Two routers connected with a serial cable are just that - two routers connected with a serial cable.
Until you tell us about the physical layout of your hypothetical network, we can't use terms like LAN / WAN / etc...
Note how these terms are all tied to the physical configuration and size of a network. We don't use these terms to describe logical configuration (i.e: "two routers connected with a serial cable")
Additionally, a "serial cable" implies RS-232 (possibly RS-422), and isn't really considered to be "networking" within the in modern definition - it's used all over the place for configuration and direct interfacing.
In some industries RS-485 is used for point to multi-point networking (with a specific master)... but if you're talking about this, then you're not talking about IP / Routing / X Area Networks.
I suspect you don't mean "serial cable" - i.e: DE-9 (aka DB-9):
Instead, you probably mean, "network cable" - i.e: CAT5 / CAT5e / CAT6, terminated with RJ-45 connectors:
With your addition of a diagram, we can now establish that you probably do indeed mean "network cable". In this case, as mentioned above, the physical / geographic size of the network determines what it is called (LAN / MAN / WAN / etc...).
- If Network A (
172.16.0.0/16) and Network B (
192.168.0.0/24) are in the same physical building, then it's probably still referred to as a LAN. Just with two segments that have routing between them. Arguably it could be considered two LANs with routed access to each other.
- If Network A and Network B are in two separate buildings in the same neighbourhood, then it's possible that it could be considered a MAN.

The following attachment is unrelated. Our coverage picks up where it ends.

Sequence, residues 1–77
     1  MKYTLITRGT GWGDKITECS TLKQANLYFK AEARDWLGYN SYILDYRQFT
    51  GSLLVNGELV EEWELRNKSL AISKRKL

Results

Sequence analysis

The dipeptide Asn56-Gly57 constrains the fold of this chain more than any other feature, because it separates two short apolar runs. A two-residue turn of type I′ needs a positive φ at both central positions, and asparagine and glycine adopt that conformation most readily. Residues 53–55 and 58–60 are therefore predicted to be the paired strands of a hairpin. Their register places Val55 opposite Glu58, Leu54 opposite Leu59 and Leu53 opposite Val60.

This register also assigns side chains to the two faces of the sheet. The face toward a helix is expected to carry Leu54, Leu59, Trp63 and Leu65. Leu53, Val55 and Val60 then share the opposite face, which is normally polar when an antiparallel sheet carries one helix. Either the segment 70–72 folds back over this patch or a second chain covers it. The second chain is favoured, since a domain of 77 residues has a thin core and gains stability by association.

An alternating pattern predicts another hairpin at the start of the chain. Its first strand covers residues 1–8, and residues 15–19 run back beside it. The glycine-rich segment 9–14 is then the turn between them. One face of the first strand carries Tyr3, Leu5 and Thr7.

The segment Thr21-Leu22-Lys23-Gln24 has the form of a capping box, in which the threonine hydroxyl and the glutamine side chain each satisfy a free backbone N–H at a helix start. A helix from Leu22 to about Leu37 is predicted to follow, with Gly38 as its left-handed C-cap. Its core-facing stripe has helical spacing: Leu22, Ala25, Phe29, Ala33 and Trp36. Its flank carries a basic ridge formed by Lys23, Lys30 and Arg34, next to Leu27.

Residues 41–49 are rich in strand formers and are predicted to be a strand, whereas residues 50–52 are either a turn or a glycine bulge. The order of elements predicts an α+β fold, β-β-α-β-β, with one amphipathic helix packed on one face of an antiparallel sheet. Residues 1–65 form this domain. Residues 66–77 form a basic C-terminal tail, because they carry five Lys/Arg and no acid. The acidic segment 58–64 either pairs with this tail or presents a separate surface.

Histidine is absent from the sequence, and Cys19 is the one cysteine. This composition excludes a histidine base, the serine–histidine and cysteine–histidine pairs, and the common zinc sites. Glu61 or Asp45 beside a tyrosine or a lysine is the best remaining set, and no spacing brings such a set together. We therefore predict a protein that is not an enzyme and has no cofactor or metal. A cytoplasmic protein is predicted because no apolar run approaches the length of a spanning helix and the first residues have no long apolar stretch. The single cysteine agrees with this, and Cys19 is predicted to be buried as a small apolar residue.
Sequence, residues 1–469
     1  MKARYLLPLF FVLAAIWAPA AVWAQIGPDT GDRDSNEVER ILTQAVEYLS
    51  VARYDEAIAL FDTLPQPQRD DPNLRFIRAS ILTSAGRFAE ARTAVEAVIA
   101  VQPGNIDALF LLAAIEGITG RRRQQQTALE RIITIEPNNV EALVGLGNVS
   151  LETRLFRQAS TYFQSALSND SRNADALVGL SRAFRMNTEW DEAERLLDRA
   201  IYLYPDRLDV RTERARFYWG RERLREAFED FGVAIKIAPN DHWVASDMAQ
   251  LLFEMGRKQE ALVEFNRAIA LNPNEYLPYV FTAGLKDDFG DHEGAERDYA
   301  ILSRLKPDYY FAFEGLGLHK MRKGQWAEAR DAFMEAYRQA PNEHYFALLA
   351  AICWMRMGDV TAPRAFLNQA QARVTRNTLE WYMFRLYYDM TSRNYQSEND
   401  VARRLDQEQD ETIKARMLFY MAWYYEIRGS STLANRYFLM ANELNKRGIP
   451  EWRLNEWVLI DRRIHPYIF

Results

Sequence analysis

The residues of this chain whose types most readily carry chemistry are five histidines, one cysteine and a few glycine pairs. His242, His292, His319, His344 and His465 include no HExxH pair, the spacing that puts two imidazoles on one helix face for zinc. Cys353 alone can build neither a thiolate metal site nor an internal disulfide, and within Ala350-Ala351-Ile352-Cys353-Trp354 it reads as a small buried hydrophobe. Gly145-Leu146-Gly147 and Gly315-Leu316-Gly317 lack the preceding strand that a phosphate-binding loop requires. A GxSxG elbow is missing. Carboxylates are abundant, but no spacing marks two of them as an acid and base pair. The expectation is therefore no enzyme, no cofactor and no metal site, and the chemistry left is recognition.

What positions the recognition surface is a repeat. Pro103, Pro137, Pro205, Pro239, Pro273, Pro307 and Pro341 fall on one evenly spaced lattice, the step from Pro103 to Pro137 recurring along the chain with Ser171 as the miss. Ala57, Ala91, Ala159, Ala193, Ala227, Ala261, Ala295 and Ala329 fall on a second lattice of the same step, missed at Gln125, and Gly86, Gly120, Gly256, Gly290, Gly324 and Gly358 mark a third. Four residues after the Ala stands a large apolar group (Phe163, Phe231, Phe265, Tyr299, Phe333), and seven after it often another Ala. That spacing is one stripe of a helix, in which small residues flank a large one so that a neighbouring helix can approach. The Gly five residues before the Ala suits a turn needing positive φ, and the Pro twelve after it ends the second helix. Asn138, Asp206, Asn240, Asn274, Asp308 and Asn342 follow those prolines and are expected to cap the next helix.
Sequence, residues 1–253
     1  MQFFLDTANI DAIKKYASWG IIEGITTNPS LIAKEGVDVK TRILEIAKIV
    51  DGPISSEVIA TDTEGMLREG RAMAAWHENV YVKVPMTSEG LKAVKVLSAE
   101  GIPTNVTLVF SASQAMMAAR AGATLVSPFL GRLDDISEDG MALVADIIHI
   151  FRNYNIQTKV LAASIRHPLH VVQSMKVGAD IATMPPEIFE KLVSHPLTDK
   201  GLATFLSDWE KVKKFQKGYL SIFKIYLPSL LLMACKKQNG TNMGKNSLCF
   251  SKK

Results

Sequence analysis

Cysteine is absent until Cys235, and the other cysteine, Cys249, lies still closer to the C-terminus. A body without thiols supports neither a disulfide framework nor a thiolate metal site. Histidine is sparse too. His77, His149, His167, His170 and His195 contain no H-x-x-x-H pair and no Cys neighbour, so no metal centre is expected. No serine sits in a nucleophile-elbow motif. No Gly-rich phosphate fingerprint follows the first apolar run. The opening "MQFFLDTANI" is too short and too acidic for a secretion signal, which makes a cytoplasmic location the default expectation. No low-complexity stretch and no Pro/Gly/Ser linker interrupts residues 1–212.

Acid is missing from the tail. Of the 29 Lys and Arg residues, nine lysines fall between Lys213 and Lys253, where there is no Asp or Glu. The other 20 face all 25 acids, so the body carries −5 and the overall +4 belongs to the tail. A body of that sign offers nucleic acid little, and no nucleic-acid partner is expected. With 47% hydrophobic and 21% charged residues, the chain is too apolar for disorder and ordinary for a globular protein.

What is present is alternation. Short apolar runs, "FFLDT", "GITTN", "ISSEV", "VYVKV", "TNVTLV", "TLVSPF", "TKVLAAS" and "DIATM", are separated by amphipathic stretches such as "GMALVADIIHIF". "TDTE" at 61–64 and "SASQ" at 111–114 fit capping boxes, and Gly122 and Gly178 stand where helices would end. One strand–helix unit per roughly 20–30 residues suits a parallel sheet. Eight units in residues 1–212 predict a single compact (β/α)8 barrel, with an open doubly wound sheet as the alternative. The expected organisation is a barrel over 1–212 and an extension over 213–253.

- If Network A and Network B are in two separate buildings in two separate cities, then they could be considered a WAN.
The whole network is considered for this terminology - not just the link between the routers.
It's highly likely that Network A is a LAN, and Network B is a LAN.
If you want to know what the "red link" is called, then one of these could probably fit:
- Patch cable
- Network cable
- Fiber optic cable
- Leased Line
To offer an alternate explanation: "Teacher at school was referring to it as WAN connection"... he is probably familiar with consumer (home) routers, which mark "the port that connects to the internet" with the label "WAN". It doesn't mean that the link (and only the link) is a WAN, but rather that the consumer router connects to the WAN (i.e: Internet) via this port.
To poke further issues at your question and setup,
18.104.22.168/4 is reserved for multicast addressing. If you are using this for any other purpose, then you may (will) run into odd / unexpected behaviour.